Pony hollowing and shrinking - The Horse Forum
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post #1 of 8 Old 01-04-2018, 10:35 AM Thread Starter
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Pony hollowing and shrinking

Hi x recently Iíve noticed my pony has began to shrink in the hips and they are very hollow . She is being fed a normal rate of around 3-4 segments of hay a day. Sh has fresh water . She is a mare and she just turned 18 but was 17 when the shrinking started. It is December it started around late November . Is this because itís winter? She was worked today so maybe tha may sort it . Please help!
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post #2 of 8 Old 01-04-2018, 10:39 AM
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How is the rest of her? Do you have pictures?

Hollowing of the hips is usually weight related, but would happen after she lost weight other places..could also be muscle related but if enough to be noticeable that would be a call to the vet.

It could be that she just needs some extra calories as she ages. How big is she?
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post #3 of 8 Old 01-04-2018, 11:00 AM Thread Starter
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She is 13.2hh and she is getting light work of around 10-20 minutes of Flatwork and jumping 1-2 days a week. She hasnít been worked in 2 weeks up until today when she was worked for 15 minutes Flatwork and jumping. It is a wet winter here and hasnít stopped raining up until today for 2 weeks. I donít have pictures but will get some tomorrow if thatís ok!
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post #4 of 8 Old 01-04-2018, 11:10 AM
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OK you just posted and offered more information...apply what is pertinent and dismiss what is not.

You don't mention how much work the pony does on a daily, or weekly basis nor if there is a "feed" given besides hay.
Depending upon work load the pony may just not be being fed enough.
All food, hay or feed, is fed by weight not volume of 3 - 4 segments of hay a day. The amount immediately makes me think not enough is fed to start with.
That also goes along with the quality of the hay...
Better quality hay offers more calories per mouthful.
If the pony is burning off more calories than it is consuming it will lose weight.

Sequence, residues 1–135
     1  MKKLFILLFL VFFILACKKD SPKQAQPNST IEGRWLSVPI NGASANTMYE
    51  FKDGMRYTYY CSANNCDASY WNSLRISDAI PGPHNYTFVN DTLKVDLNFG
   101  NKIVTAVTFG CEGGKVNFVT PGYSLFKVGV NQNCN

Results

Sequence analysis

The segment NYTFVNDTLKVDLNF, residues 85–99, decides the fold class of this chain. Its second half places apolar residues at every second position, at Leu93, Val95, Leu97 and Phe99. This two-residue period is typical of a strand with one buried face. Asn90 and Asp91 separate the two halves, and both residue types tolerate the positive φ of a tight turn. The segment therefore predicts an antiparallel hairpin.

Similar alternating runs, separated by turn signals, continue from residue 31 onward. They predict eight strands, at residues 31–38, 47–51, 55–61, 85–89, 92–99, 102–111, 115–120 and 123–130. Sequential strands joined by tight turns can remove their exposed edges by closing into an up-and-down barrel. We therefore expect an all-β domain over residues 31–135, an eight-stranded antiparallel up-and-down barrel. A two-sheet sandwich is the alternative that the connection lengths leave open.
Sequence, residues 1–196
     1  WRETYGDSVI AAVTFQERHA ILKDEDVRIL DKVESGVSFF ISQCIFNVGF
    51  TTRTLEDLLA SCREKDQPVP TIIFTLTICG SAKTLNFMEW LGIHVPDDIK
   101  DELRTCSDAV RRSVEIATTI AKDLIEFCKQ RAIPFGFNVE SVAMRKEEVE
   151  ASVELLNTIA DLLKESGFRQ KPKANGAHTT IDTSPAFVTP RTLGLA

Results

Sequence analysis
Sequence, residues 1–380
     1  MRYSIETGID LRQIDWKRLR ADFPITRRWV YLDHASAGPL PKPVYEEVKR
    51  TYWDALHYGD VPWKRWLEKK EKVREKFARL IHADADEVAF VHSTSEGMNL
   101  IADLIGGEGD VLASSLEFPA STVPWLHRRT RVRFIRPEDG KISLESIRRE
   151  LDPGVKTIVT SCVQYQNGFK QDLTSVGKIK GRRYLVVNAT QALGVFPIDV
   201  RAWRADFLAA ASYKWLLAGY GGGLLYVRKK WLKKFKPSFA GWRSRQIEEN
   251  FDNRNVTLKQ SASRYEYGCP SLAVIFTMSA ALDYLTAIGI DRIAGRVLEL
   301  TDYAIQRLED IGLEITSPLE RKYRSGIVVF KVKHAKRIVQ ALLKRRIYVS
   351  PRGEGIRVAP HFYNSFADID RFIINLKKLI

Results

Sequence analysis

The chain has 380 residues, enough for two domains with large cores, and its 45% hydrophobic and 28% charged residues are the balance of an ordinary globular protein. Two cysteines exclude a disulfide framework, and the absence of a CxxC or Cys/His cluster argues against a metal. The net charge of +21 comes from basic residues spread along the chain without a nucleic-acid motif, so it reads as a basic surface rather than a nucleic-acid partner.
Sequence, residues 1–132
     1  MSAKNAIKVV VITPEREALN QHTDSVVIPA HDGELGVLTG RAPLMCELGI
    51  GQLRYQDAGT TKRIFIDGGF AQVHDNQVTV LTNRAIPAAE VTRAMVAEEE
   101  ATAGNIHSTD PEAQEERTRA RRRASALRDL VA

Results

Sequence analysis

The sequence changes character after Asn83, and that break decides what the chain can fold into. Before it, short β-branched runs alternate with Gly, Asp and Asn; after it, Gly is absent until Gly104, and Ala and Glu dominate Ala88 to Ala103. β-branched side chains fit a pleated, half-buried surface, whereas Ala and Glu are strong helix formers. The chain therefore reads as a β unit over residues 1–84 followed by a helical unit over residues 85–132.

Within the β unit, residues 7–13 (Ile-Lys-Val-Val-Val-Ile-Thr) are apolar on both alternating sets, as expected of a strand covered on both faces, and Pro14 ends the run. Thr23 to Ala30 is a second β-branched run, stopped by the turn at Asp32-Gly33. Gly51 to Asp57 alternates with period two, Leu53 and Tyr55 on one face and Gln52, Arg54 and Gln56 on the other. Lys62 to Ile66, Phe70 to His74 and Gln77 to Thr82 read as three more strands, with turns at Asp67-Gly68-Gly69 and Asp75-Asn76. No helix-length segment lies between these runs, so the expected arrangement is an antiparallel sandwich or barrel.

Many things need to be considered though...
Age and health of the pony.
When were the teeth last checked and care given to them?
When was the pony last wormed correct to the worm load it may have?
What kind of "feed" is fed and how much is fed total a day?
How cold is it?
How long has the cold been around consistently?
Does the pony get offered a blanket to keep warmer/dryer so it not be burning calories trying to keep their body warm & dry?
The wet weather could have to do with loss of weight, not all of it...it takes the body more energy to keep warm and continue to make internal heat to stay skin dry.

So many things it could be...
Any one of these out of place could account for a drop in weight and poor appearance...
If in doubt, call the vet out and have a evaluation/exam done to find the cause of this issue.
...
jmo...

The worst day is instantly better when shared with my horse.....

Last edited by horselovinguy; 01-04-2018 at 11:16 AM.
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post #5 of 8 Old 01-04-2018, 11:34 AM
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There could be health reasons so if you think you're feeding her enough then you should ask the vet to do some bloodwork and a general examination.
It might be that she has a heavy worm burden - a lot of people are still not de-worming their horses for tapeworm and encysted strongyles and both will knock the weight of a horse
She might need her teeth doing.
When you say you give her 3 to 4 segments of hay a day that doesn't mean a lot as they could be really small segments or they could be large ones.
The hay might be poor quality
You also don't mention if there's grazing still available where you are
If the pony is losing weight then feed hay 'ad lib' especially if you have no grass


You mention a lot of rainy weather. If its cold and wet its more debilitating than lower temperatures are when its dry as the coat gets flattened down and so becomes useless as an insulator.
If the pony doesn't have access to a shelter that she'll use then consider buying her a blanket so she isn't burning up all her calories just to keep warm.
Lastly you don't mention if you supplement her hay with some form of 'bucket feed' - something else to consider doing if you aren't